From the Cheapskate: Normally $36, this cord-cutter’s tool aggregates a wealth of streaming TV, movies and more.
Want to catch up on “Mr. Robot”? How about some classic episodes of “Robot Chicken”? And, hey, when was the last time you watched “Fast Times at Ridgemont High”?
You can stream all that and tons more — provided you know where to look. Indeed, half the challenge for any cable-TV cord-cutter is figuring out where and how to watch various shows and movies. What’s more, when you ditch cable in favor of fully on-demand viewing, you lose out on the fun of channel-surfing.
Enter SelectTV, a relatively new offshoot of web-content aggregator FreeCast. The service provides an attractive front end for accessing a wealth of streaming video, the idea being to make it easier to find — or discover — things to watch.
A one-year subscription normally runs $36, but for a limited time you can get a year of SelectTV for just $19. You also have the option of choosing three years for $49.
Unlike PlayOn, which serves primarily to record streaming videos for offline viewing, SelectTV gives you a one-stop web portal for those videos. It’s divided into five main areas: On-demand, Channels, Music, Events and Games.
Hit up On-demand, for example, and you’ll find subcategories like Primetime, Movies, Web and Kids. Head to Channels > News for live streams from the likes of CNN and MSNBC.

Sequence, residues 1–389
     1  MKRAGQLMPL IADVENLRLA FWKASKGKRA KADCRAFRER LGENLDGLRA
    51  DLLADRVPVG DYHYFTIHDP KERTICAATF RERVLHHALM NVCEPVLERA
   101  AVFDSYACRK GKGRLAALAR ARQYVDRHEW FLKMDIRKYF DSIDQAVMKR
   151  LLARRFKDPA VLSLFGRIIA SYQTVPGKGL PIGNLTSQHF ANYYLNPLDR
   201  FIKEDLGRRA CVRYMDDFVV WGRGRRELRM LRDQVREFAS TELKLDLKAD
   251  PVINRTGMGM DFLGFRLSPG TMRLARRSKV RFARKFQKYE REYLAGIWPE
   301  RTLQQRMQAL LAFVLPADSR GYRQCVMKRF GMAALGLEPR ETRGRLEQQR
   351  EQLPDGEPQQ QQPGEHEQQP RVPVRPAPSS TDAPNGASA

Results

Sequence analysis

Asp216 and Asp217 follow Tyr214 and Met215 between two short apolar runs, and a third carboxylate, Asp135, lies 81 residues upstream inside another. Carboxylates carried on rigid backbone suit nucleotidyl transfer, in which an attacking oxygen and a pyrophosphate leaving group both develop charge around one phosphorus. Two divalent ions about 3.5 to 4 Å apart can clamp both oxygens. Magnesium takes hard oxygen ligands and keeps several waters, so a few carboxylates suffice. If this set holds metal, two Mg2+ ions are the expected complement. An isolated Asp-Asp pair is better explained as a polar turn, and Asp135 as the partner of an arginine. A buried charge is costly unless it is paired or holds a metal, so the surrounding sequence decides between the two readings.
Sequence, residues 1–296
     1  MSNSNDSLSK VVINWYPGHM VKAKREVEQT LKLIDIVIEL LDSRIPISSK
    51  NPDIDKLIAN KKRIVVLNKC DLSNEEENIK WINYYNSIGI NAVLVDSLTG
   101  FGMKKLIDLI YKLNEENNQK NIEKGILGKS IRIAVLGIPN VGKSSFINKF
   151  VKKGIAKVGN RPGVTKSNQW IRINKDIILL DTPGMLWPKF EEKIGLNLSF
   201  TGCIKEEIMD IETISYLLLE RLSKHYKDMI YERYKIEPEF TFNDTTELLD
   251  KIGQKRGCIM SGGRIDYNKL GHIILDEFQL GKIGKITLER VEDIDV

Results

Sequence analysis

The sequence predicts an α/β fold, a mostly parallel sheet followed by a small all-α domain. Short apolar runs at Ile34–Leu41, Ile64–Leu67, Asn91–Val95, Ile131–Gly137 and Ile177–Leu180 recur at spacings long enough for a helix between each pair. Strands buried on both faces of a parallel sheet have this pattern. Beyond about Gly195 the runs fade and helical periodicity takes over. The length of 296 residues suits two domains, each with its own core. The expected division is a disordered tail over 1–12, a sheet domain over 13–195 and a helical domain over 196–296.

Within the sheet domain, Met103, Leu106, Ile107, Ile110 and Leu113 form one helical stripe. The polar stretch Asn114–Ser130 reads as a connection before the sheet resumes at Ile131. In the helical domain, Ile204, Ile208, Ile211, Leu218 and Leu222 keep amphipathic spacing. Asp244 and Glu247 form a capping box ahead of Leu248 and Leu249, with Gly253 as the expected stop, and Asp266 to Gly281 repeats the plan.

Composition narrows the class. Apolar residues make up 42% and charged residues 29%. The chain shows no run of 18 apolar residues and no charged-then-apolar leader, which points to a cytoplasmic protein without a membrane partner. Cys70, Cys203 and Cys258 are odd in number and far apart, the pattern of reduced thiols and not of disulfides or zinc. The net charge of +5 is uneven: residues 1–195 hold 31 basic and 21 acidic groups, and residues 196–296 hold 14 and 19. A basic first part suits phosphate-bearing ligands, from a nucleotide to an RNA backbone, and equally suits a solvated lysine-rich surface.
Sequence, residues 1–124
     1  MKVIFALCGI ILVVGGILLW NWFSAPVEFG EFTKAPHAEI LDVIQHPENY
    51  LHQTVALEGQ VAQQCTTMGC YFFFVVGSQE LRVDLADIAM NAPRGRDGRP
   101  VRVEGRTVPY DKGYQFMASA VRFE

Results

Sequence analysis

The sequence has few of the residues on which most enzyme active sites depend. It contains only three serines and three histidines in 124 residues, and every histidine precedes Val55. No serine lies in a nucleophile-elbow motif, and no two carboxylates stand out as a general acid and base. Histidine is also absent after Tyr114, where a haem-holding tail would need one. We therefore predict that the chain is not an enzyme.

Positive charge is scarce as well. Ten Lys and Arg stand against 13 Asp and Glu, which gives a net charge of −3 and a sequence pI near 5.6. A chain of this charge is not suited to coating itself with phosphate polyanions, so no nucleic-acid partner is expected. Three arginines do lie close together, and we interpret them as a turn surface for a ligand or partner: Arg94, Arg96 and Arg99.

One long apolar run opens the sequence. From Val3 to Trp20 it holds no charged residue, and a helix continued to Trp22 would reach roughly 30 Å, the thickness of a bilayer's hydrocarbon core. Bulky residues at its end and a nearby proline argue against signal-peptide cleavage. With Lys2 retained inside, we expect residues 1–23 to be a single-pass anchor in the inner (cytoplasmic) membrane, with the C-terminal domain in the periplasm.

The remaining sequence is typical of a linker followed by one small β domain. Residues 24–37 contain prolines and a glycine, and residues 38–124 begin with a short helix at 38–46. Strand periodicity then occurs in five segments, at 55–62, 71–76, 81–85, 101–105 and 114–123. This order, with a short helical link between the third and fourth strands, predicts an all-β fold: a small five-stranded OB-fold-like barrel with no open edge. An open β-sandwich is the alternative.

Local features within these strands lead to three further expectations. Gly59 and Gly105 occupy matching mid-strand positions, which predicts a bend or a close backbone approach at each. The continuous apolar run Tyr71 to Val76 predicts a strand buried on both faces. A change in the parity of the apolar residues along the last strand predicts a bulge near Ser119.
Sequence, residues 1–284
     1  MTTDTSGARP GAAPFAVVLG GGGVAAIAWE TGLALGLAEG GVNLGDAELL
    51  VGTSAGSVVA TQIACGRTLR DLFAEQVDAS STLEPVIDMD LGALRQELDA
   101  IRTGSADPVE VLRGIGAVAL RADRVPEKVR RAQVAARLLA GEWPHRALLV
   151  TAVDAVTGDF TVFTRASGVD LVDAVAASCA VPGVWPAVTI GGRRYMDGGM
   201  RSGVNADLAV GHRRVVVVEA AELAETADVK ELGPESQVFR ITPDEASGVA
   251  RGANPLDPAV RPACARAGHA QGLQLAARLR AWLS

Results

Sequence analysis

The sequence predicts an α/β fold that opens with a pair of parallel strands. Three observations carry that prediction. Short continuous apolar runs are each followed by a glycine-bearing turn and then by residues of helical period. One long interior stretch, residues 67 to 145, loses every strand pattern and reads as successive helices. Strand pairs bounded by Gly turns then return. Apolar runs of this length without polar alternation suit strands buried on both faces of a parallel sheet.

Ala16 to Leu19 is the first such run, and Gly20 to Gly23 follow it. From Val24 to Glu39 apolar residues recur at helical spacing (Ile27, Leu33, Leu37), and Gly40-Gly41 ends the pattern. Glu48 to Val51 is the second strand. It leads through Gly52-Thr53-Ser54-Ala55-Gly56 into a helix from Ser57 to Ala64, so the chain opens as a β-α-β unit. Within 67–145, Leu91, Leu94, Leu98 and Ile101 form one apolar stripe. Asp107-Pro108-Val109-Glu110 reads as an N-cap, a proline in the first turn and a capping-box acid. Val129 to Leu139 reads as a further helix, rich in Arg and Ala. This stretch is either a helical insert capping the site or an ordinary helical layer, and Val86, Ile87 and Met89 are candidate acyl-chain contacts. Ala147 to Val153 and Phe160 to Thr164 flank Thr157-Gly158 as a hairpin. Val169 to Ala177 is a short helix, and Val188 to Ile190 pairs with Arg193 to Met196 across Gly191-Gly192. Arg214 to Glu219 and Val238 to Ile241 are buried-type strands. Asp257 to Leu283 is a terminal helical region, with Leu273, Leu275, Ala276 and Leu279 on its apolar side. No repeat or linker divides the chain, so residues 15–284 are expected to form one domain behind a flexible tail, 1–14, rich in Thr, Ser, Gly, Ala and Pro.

So, yeah, lots and lots of content, all of it searchable, much of it free. (There’s a toggle switch that lets you view all available content or only the free stuff.) If you have subscriptions to the likes of, say, CBS All Access or Hulu Plus, you can sign in to make that content accessible here as well. And SelectTV offers something akin to CanIStreamIt, meaning if you search for something not immediately available through the service, you’ll see where it is available.
Want to watch on your TV? That’s where it gets a little complicated. You can run an HDMI cable from your laptop or watch wirelessly via a Google Chromecast. Alas, there’s no Roku channel or the like. What’s more, although SelectTV has mobile apps in the works, the Android version is still a couple weeks out, and there’s “no firm timetable yet” for iOS.
If you’re already relying on your PC as a cord-cutting tool, SelectTV offers a nice way to aggregate everything under one roof. Just this morning I happened upon “Robot Chicken,” a show I haven’t watched in years, and enjoyed 10 solid minutes of belly laughs. That kind of “opportunity watching” almost never happens in my otherwise on-demand lifestyle.
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